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When It Stains, It Reigns: Film Flashback '98

By JASON LLOREN
Blast Film Critic

This past year of films was a cornucopia of cumshots. And blood spots. And guts, non-stop. Let's put it this way: If it smears, it was probably in a hit movie in 1998. That's not even counting the crap, usually anything that pretended to be a horror movie and starred a bunch of teens. But more on The Bad later. It seems as if the end of "Seinfeld" earlier in the year and all its legendary episodes concerning social unspeakables - masturbation, pee stains, you name it - meant the dawning of a new age in film entertainment.

Yes, not only could talk about getting your dick getting caught in your zipper, but if you were Ben Stiller and the Farrelly brothers, you could actually show it, ball sac and all. But that was near the beginning of "There's Something About Mary." Later, we were treated to a semen-based hair gel, French kissing with pooches, extreme epidermal breakouts, the works. Soon, a new sensibility seemed to infect every kind of movie: from the barfing and limb-tearing in "Saving Private Ryan" to the Black Oil oozing in humans in "The X-Files: Fight the Future" to the vivid references of Marlon Brando's liposuction fat, dildoes and vomit in "BASEKetball." Even a sweet, little indie coming-of-age film like "Slums of Beverly Hills" managed to offer little mentions and teases concerning menstrual blood, urinalysis samples and vibrators. Yes, welcome to the Year of the Gross-out.

Not that any of this was bad. We flocked to the theaters to see this splattered across the silver screen. "Mary" racked up more than $175 million, more than five times its budget. "The Waterboy" made as much money in less than half that time. "Ryan" won critical acclaim and box office dollars. This stuff didn't turn off viewers. If anything, it turned them on. There were breakout roles: Jim Carrey showing us some acting chops in "The Truman Show," the booty-ful Catherine Zeta Jones in "The Mask of Zorro," and the not-as-annoying-as-before George Clooney in the crime caper "Out of Sight."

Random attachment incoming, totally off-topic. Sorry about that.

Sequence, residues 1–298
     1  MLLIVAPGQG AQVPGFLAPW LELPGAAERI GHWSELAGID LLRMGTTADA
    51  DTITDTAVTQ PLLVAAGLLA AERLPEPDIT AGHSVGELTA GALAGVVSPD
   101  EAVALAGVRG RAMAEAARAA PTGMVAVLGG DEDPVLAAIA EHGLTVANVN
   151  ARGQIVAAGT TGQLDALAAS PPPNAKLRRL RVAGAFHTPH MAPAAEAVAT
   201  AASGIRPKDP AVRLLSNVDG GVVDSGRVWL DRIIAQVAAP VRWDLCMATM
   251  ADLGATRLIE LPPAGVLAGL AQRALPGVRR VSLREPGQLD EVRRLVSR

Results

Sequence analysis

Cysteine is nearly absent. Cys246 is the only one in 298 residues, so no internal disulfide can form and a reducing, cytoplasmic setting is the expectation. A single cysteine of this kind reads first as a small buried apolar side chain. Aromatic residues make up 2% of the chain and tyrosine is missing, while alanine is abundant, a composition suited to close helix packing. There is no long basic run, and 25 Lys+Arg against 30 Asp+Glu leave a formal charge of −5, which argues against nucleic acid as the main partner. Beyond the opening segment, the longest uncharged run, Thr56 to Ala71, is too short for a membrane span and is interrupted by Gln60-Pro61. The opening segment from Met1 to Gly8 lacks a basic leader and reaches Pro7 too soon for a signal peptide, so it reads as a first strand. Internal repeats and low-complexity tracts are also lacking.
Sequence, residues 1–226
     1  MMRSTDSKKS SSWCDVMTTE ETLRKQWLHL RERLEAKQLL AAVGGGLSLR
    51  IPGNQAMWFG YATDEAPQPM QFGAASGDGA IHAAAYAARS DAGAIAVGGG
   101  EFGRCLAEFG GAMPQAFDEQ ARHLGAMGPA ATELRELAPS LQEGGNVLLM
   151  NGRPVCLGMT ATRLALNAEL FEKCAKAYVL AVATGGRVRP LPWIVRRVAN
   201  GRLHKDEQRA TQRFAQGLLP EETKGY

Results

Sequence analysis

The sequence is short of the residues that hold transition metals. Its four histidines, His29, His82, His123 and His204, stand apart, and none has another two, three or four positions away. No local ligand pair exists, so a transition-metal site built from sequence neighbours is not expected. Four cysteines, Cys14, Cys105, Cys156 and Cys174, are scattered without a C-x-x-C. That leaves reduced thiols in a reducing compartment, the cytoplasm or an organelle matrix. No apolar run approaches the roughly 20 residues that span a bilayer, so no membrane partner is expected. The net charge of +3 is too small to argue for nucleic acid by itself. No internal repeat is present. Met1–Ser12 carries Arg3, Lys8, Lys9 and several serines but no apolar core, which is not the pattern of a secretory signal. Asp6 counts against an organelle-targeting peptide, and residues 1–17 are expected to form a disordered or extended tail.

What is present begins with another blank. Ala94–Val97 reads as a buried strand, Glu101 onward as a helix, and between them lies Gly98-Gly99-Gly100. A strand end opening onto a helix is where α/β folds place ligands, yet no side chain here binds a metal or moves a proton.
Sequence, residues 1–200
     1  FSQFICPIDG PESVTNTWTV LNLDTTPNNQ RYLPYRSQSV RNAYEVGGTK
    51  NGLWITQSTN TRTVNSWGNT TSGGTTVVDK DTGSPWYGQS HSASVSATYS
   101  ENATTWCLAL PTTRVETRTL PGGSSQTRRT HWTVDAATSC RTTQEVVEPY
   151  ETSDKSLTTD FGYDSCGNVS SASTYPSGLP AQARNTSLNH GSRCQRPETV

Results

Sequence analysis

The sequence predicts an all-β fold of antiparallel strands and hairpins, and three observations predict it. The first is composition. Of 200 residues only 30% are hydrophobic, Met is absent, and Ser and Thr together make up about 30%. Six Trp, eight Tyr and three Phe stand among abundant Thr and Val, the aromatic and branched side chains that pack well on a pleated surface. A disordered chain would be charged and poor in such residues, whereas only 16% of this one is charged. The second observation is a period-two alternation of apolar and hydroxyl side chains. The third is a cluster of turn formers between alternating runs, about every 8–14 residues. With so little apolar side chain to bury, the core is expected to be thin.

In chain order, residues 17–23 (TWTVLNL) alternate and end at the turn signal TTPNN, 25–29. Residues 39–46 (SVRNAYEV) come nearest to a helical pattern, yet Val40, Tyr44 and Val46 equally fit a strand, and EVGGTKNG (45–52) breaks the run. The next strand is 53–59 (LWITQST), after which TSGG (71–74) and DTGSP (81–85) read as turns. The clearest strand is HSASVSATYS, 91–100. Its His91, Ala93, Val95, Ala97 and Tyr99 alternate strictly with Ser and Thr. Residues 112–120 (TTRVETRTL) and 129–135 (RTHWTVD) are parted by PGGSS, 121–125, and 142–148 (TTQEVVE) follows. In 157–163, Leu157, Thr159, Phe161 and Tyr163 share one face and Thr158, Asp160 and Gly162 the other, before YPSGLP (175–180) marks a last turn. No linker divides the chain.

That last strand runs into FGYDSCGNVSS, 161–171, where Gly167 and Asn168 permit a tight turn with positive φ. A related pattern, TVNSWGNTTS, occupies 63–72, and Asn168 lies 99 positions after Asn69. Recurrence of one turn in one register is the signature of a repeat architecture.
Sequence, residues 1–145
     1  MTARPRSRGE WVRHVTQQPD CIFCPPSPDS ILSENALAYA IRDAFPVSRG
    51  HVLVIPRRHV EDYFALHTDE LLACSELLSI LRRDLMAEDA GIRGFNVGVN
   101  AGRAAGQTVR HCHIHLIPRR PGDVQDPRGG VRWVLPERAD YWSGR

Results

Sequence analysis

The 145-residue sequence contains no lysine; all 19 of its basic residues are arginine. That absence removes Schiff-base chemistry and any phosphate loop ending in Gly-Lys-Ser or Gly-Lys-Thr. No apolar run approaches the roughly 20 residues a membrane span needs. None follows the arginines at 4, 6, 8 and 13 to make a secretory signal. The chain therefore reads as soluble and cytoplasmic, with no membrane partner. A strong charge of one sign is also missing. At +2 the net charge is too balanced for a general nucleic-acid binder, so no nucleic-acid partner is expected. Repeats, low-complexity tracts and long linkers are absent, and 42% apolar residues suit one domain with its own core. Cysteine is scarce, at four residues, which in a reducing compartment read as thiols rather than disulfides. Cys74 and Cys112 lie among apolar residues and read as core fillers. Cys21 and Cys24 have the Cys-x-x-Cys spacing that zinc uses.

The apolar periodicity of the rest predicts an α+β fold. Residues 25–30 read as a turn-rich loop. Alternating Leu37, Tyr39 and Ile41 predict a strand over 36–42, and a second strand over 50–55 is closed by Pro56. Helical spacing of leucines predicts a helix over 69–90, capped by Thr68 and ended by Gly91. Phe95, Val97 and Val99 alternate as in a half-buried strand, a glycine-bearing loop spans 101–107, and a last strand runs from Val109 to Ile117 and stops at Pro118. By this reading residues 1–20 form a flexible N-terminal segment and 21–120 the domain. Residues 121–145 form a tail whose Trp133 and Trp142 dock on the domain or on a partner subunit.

The year also gave us a fair share of doom and gloom. This summer alone, aliens infected humanity ("X-Files"), a giant lizard leaped into Manhattan and tore up the town ("Godzilla"), and heavenly objects threatened to smash into Earth not just once ("Armageddon") but twice ("Deep Impact"). The studios gave us the usual schlock of actioners, from a well-utilized Antonio Banderas in "The Mask of Zorro" to the well-utilized Wesley Snipes in "Blade." There were the usual TV adaptations, like "Lost in Space," which was a more apt description for its spacey plot. A sappy fantasy romance involving the afterworld -- "City of Angels" -- spawned a hit soundtrack. Yawn.

And if angels weren't enough, Hollywood gave us Death -- in "Meet Joe Black." It died slowly at the box office. And there was the needless sequel "U.S. Marshals" and the needless remake "Psycho." But there was also the surprising sequel "Babe: Pig the City," a wonder because it was as good as its predecessor, and a headscratcher because nobody bothered to see it.

The "Scream" rip-offs kept rolling along, from "Halloween: H20" to "Urban Legend," most of them variations on the frightened teens/cheap screen thrills formula with a dash of post-modern dialogue. Let's hope in 1999 they give us something genuinely scary -- like Mickey Rooney in clown makeup (see "Babe" sequel for that). Then there was the animation, much of it marvelously done, like the computer-generated "Antz" and later "A Bug's Life." There was also "Rugrats," a hit TV show transferred successfully to the big screen, and the ambitious Biblical epic "The Prince of Egypt." In all, the surprises were a virtual Pleasantville." Anything else that wasn't drop-dead funny like "Mary," drop-dead serious and powerful like "Ryan" or daring like the uncomfortably comic "Happiness" was, well, unforgettable like the last Oprah Winfrey flick. Whatever that was called.

Here's a look at my choices for the top 13 films of 1998 (OK, it's really 15):